IMF Survey: Dollar's History Points to Future of Global Monetary System

October 21, 2011

  • U.S. dollar history shows international monetary system can evolve quickly
  • But lack of alternatives implies that dollar should remain at system's center
  • Stronger system requires efforts from advanced, emerging economies

Long-term strengthening of the international monetary system will require concerted efforts from policymakers in advanced and emerging economies alike, experts agreed at a Washington seminar.

Dollar's History Points to Future of Global Monetary System

Eichengreen: new book challenges view of inertia in global monetary system, arguing that dollar overtook sterling in one decade after Fed was set up (IMF photo)


At a discussion on a new book charting the history of the U.S. dollar, participants heard that as the world economy enters a dangerous phase, ensuring the stability of the international monetary system requires implementation of prudent and pragmatic policies.

Against the backdrop of stresses in the core of the global financial system, experts met at the IMF to reflect on lessons for the reform of the international monetary system arising from the book, Exorbitant Privilege: The Rise and Fall of the Dollar and the Future of the International Monetary System, by Berkeley economics professor Barry Eichengreen.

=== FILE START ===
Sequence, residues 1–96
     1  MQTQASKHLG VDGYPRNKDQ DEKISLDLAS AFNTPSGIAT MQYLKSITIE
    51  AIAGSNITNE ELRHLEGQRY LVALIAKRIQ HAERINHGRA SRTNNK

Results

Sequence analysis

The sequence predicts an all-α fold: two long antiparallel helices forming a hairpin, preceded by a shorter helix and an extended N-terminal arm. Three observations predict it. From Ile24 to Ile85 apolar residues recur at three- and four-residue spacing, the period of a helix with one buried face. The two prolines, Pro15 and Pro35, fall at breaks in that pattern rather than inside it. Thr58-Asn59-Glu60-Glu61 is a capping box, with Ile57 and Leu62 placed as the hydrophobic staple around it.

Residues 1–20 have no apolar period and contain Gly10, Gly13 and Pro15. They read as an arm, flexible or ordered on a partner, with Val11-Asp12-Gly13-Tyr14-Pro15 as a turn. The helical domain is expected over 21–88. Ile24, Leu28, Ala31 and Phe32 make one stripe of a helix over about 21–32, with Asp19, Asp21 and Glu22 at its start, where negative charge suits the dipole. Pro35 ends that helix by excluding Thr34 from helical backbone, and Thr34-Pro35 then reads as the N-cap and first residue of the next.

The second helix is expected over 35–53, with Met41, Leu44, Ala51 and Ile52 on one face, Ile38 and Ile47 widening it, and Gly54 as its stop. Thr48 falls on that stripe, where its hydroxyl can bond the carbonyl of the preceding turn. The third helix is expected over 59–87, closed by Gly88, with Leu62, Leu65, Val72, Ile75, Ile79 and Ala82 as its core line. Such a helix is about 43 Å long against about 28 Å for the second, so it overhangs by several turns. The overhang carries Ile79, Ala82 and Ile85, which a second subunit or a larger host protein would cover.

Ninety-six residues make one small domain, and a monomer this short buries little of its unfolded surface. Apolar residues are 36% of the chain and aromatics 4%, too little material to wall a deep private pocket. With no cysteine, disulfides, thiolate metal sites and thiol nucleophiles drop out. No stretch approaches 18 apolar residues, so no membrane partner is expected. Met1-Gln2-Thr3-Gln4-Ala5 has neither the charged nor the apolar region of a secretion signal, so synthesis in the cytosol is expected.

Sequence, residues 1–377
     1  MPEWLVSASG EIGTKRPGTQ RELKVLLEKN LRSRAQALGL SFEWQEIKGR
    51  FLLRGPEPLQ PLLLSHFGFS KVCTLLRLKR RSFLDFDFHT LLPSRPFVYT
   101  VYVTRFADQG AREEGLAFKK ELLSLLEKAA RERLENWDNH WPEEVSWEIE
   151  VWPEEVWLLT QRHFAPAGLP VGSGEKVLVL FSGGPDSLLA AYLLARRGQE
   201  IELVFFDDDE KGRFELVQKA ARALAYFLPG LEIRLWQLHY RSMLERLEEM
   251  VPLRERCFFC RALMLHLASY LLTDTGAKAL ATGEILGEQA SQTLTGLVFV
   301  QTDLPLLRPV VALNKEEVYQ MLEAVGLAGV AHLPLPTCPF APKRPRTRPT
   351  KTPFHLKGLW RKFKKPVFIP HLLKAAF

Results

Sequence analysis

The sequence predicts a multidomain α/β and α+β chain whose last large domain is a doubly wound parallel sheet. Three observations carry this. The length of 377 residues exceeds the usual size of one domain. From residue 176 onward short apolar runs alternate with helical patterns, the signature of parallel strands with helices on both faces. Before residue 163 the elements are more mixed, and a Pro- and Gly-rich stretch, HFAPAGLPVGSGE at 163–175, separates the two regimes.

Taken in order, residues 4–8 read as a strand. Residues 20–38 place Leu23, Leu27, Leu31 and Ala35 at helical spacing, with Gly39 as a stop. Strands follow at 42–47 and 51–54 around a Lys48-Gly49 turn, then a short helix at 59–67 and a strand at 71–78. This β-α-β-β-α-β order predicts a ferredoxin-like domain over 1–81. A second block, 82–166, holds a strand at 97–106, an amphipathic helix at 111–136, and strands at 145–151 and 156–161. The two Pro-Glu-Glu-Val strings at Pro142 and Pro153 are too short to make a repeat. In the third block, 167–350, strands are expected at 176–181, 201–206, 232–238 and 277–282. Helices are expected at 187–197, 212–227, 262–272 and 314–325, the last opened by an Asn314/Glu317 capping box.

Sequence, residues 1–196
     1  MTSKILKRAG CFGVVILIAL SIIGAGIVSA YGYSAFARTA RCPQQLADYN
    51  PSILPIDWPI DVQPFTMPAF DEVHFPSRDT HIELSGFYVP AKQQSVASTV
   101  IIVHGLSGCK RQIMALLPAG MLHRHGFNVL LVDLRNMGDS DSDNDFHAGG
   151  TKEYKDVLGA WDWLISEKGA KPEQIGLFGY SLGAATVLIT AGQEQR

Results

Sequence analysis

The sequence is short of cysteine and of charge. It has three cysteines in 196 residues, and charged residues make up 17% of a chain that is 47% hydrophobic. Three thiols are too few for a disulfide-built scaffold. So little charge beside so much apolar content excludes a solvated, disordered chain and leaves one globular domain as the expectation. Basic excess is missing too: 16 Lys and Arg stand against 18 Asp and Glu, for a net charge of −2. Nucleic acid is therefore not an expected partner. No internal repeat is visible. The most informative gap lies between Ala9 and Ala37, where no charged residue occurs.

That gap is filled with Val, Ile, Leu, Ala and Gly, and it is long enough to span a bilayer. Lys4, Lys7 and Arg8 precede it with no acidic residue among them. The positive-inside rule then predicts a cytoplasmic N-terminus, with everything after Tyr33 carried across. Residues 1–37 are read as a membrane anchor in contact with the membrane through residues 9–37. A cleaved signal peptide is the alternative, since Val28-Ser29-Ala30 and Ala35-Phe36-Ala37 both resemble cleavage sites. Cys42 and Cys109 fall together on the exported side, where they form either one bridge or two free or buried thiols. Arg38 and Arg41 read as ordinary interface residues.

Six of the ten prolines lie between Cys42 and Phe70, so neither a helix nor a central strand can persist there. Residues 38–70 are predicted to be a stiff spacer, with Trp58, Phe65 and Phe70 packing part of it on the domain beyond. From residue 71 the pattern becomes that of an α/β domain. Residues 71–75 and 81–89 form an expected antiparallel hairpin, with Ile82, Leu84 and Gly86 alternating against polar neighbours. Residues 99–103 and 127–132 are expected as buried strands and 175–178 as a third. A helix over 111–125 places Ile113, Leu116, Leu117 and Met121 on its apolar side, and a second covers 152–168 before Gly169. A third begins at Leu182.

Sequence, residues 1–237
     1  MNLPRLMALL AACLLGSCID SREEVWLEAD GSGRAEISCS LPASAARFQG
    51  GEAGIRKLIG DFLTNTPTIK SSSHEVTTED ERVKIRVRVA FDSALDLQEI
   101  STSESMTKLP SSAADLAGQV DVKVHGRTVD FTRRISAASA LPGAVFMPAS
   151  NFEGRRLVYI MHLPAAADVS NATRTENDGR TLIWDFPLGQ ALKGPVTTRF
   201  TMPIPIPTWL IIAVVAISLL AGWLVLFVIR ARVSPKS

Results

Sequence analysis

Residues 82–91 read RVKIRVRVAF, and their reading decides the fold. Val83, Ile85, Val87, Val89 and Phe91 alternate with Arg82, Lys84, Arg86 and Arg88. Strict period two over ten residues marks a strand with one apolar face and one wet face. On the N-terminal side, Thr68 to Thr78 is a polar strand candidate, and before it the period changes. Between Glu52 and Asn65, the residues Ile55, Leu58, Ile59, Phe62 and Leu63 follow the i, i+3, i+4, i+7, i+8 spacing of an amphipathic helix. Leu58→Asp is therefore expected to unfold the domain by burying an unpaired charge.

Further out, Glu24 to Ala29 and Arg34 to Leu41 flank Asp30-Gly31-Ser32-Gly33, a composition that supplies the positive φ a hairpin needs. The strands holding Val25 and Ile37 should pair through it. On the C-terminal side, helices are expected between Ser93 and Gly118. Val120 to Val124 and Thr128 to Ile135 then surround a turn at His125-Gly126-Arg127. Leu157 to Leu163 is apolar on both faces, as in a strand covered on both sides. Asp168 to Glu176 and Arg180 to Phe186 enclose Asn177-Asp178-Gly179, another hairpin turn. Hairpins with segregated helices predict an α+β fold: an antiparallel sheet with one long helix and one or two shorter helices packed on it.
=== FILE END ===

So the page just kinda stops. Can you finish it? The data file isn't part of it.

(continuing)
Opening the October 19 seminar, IMF Deputy Managing Director Min Zhu noted there is broad consensus that the international monetary system needs reform. “It’s part of the Fund’s mandate to help foster change,” he stated. “We have been reforming surveillance, strengthening the global financial safety net, and even discussing a framework for capital flow management. But how can we deal with the dollar’s dominance to enhance the stability of the international monetary system?”

Commonly understood, the rise of the U.S. dollar derived from the economic size, trade centrality, and open capital account of the United States—features that then give rise to an “incumbency advantage” and inertia in the international monetary system.

Eichengreen’s new work challenges the view of inertia in the international monetary system, arguing that the dollar overtook the pound sterling in just one decade following the formation of the U.S. Federal Reserve. As such, the system can evolve quickly. Like the dollar one hundred years ago, once the prerequisites are in place, currencies of economies that are large and important in global trade and finance can internationalize rapidly.

No dollar alternatives

Speculating how the system might evolve, Eichengreen said the dollar will remain at its center for a long time, not because of its incumbency but simply because alternatives are absent. “Over the next decade, the euro and the Chinese renminbi could emerge as consequential alternatives,” Eichengreen argued. “This evolution should be welcomed, not feared,” as it could result in greater market discipline of policies and foster a better balance between the real economic and financial weights of economies in the system.

Ted Truman, Senior Fellow at the Peterson Institute for International Economics, supported Eichengreen’s observation that at present “the euro is a currency without a state, while the renminbi has too much state.” Outlining the direction of reforms if other currencies were to emerge as major contenders to the dollar, Truman said the euro area must first navigate its current difficulties and large emerging markets implement a range of financial sector and capital market reforms to match their growing economic and trading clout.